The improved valve which forms the subject of this invention is formed from rubber, either natsimilar characteristics. The material must be flexible, must have some resiliency and must be able to resist the action of air and temperature changes without injuring the seal. The valve is circular and its outer wall is preferably cylindrical. The opposite side surfaces are concave and spherical so as to form .a lens-like article of bic'oncavo shape. The spherical surfaces have radiiof curvature that must be greater than the radius of the valve so that they will intersect the cylindrical surface and form sharp, feather edges that will yield to slight pressures to form aprimary seal. The radii of curvature of the spherical concave surfaces can be made larger than the diameter of. the valve so that the latter canbe made quite thin and flexible and still retain the desirable characteristics pointed out.

By'making the valve symmetrical with respect to its center plane, it is reversible and can be applied in position with either side down. .In order to more clearly disclose the invention,,reference will now be had to the accompanying drawing in which the invention has been illustrated, and in which:

Figure "1 is a diametrical section taken on Figure '2 and shows a cover in position in a vessel and shows the valve in position, the vacuum pump being indicated by broken lines;

Figure 2 is a top plan view of the assembly shown in Figure 1; p

Figure 3 is a diametrical section, similar to that shownin Figure 1 and shows the parts to an-enlarge'd scale;

Figure 4 is a section like that shown in Figure 3 and shows the valve deformed by the action of the external pressure; and

Figure 5 isa diametrical section through the valve showing the same scale used in Figure 1. .In the drawing reference numeral 6 designates a gla'ssvessel which may be ajelly glass or may represent an ordinary fruit jar or any similar vessel of the type ordinarily used for preserving fruits and food products. Resting on the top of the vessel is a sheet metal cover I which, inthe embodiment shown, is provided along its outer edge with a downwardly turned flange 8 and which has an annular zone 9 in which the metal is circularly corrugated as indicated by reference numeral Ill. The zone 9 terminates in a substantially vertical wall I I and on the under side of the annular zone is positioned a soft rubber ring l2 that forms a gasket. The reason for having zone 9 as wide as shown in the drawing is that it will fit vessels of different diameters providing the diameters do not vary more than the width of the corrugated zone. Extending inwardly from the vertical wall II is a flat zone I3 that terminates in a downwardly inclined annular zone I4, which in turn connects with a circular bottom l5 that is provided with a vent hole l6. In Figure 1 a vacuum pump 11 has been indicated by broken lines and this terminates in a rubber sealing member I 8 that rests on the upper surface of zone [3, When the piston is reciprocated, the pump tends to evacuate the vessel 6, causing any vapors or gases to leave through the vent Hi.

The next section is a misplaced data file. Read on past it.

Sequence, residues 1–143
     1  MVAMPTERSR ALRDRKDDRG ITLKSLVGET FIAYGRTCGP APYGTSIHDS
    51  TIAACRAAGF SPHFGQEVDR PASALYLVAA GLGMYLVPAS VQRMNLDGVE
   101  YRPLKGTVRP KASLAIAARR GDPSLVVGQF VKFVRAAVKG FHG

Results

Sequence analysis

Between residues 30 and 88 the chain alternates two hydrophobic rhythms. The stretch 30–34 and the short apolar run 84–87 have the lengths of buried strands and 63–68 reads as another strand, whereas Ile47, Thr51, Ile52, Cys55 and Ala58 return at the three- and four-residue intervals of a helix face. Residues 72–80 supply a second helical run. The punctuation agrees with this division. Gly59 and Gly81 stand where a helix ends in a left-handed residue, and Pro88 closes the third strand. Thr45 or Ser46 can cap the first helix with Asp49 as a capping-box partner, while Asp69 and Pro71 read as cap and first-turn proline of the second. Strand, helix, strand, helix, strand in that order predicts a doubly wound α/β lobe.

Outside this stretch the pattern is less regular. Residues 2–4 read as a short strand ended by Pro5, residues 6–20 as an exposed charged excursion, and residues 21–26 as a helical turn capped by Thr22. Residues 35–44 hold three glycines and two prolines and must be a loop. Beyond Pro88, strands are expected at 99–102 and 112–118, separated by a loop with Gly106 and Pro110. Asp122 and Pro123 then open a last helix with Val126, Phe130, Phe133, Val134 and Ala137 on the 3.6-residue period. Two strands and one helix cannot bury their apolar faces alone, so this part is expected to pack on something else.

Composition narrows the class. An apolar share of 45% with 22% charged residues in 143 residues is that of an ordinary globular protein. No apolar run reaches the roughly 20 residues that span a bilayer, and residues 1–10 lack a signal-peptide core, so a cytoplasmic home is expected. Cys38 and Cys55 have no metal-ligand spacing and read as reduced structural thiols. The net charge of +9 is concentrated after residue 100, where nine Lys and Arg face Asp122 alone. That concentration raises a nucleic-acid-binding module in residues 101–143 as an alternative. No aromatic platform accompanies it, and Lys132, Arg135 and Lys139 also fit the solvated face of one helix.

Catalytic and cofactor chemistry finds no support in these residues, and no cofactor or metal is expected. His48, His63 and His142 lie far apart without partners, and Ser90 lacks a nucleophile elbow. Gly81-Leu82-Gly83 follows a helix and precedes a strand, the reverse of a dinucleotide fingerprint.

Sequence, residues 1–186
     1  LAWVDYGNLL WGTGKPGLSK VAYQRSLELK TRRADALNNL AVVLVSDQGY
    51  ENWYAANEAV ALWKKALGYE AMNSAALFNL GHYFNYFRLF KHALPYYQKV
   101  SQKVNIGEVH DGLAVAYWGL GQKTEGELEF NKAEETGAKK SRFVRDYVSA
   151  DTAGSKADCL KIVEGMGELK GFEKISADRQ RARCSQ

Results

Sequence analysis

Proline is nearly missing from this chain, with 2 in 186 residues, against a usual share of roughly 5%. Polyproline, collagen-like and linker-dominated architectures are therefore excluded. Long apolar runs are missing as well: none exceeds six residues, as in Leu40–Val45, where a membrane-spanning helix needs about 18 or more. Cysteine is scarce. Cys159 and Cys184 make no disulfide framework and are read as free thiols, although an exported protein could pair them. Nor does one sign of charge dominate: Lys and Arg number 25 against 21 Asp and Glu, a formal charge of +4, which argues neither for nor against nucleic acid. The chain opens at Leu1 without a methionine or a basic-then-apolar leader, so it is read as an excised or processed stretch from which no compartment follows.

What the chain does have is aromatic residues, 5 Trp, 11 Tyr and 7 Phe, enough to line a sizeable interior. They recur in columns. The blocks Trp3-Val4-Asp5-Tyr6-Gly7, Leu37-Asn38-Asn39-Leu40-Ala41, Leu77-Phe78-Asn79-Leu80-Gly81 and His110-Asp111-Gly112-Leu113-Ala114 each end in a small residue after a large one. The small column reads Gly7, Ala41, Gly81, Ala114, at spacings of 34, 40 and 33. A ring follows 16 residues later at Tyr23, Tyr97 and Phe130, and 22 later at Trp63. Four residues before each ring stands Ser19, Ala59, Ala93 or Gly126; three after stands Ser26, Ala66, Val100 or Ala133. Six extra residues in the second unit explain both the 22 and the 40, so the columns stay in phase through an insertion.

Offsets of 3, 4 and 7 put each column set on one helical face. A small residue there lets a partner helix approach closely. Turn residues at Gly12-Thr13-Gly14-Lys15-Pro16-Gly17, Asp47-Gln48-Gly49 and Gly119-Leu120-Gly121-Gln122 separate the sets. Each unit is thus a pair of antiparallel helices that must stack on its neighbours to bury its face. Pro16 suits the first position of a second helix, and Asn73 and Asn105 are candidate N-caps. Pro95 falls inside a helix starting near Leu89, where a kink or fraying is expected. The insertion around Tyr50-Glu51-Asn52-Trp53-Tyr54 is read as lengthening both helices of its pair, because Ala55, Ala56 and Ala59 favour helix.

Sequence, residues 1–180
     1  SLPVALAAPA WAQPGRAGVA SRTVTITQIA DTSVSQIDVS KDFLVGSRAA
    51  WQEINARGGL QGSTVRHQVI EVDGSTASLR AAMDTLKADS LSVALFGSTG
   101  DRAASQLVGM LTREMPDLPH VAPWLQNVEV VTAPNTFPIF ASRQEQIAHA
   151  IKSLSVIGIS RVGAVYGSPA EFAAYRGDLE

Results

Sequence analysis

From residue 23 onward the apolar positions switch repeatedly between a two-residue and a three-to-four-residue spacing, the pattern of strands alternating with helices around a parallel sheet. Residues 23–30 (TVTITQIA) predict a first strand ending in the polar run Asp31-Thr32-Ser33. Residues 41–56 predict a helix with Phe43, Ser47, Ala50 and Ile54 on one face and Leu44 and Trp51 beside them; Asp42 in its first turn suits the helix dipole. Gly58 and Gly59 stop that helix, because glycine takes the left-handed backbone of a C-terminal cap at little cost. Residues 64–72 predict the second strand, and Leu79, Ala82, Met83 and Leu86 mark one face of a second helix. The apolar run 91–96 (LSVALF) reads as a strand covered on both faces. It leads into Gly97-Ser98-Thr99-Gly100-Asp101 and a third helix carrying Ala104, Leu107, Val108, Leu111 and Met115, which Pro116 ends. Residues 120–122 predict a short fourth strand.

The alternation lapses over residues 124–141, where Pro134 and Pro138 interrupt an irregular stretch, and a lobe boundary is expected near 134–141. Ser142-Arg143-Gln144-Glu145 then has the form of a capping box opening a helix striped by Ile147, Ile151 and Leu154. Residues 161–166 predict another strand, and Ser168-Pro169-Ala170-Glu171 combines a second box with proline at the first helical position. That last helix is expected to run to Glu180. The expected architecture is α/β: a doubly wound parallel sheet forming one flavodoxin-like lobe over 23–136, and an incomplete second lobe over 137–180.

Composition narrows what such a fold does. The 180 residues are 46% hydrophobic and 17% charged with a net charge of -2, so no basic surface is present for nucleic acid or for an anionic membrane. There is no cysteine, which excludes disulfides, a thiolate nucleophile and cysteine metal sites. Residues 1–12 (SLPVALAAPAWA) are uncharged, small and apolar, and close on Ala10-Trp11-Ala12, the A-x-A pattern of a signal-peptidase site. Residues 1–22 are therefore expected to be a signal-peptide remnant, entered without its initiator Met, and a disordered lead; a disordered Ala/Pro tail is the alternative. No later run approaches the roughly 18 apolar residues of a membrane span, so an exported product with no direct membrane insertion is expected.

In order to prevent air from returningv to the vessel through the vent opening when the pump in removed, a valve member I9 is provided and this is positioned on the upper surface of the circular central portion 16.

The present invention relates to shape and construction of the sealing member and this will now be described in detail.